This depends on what the user can do with the SSH access. If he is limited to specific actions like scp/sftp, selected port forwarding or running selected commands the risk might be small. If instead the user has full shell access then he can use local privilege escalation attacks to elevate his privileges from a normal user to system user. Bugs which allow such attacks get regularly detected and some of these lurk for many years without getting publicly known and fixed.
Apart from such direct privilege escalations a user with shell access can also connect to network services which are explicitly restricted from outside access and might not be that well protected because of the risk is considered low. This might for example be local database installations with insecure and easily brute-forced passwords. And apart from the local systems the user might get access to internal systems on the same network which are usually protected from the outside using a firewall.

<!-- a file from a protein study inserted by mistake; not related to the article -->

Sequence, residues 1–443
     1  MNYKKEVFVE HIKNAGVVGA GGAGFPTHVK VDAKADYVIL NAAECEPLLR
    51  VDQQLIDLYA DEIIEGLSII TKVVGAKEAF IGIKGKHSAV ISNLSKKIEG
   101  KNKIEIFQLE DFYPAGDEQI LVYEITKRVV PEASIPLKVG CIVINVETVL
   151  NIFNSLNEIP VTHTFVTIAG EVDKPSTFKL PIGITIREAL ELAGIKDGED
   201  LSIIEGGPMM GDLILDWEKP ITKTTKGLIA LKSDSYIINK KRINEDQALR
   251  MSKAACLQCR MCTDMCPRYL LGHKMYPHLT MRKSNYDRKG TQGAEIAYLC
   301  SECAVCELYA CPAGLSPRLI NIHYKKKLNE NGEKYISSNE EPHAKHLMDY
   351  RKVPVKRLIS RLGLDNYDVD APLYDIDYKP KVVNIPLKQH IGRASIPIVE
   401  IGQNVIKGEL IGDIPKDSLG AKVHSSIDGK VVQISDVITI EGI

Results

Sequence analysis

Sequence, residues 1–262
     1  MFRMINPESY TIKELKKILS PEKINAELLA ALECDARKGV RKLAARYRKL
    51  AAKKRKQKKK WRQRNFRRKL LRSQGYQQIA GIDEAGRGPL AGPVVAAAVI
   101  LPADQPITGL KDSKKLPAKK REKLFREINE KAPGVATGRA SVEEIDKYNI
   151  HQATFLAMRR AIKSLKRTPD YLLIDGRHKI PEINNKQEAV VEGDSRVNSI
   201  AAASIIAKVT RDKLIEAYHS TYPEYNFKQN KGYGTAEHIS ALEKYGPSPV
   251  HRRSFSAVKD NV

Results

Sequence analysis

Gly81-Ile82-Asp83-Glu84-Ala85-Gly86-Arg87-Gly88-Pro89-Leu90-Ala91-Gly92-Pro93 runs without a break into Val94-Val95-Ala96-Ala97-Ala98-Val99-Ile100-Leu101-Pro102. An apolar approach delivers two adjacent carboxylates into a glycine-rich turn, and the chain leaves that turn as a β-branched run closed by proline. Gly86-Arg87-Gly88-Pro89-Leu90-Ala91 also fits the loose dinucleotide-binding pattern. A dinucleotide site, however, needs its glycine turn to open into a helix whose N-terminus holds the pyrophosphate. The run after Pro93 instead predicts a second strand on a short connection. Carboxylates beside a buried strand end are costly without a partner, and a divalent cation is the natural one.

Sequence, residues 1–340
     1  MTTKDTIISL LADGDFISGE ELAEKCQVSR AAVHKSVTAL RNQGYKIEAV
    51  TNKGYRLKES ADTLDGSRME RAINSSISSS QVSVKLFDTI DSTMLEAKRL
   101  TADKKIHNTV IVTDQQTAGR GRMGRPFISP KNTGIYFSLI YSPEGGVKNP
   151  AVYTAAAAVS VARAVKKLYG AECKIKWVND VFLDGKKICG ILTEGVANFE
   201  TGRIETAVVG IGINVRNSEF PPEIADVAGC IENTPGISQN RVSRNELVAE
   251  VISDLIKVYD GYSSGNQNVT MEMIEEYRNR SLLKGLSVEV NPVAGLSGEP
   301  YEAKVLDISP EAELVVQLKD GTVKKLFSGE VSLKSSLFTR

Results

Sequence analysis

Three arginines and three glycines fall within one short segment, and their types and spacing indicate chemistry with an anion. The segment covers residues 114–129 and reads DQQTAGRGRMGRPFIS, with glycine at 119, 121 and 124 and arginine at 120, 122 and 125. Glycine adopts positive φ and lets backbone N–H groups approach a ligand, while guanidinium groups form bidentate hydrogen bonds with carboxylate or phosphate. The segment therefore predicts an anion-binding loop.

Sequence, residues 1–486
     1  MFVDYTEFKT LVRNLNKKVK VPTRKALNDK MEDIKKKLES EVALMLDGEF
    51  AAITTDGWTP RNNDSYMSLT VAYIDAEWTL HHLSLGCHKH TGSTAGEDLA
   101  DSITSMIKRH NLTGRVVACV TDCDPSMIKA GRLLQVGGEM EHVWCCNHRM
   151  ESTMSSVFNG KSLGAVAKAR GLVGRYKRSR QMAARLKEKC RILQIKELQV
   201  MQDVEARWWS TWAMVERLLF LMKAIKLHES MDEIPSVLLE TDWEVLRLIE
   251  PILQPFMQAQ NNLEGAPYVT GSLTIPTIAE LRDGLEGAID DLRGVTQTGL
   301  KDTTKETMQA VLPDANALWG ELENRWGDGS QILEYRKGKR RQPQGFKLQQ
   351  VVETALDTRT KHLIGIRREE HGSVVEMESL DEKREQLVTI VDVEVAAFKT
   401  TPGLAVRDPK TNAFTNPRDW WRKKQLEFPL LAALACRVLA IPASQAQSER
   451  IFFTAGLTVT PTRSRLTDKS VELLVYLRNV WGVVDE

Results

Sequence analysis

And of course a user with a login shell could just exhaust system resources like memory, CPU time, I/O or disk space unless specific limits are set on the account.
These are just the more obvious problems. But note that most of these could also already be done from inside a PHP script or similar server side code in control of the user.
In summary: if there are sensitive data on the system or on connected and reachable systems don't provide a way for an untrusted user to execute arbitrary code as a non-privileged user. This involves shell access but might also already involve using its own PHP scripts or similar. If such code execution is needed you can try to mitigate the risk by adding additional security layers, like sandboxes, containers or similar but note that these restrictions are not unbreakable either.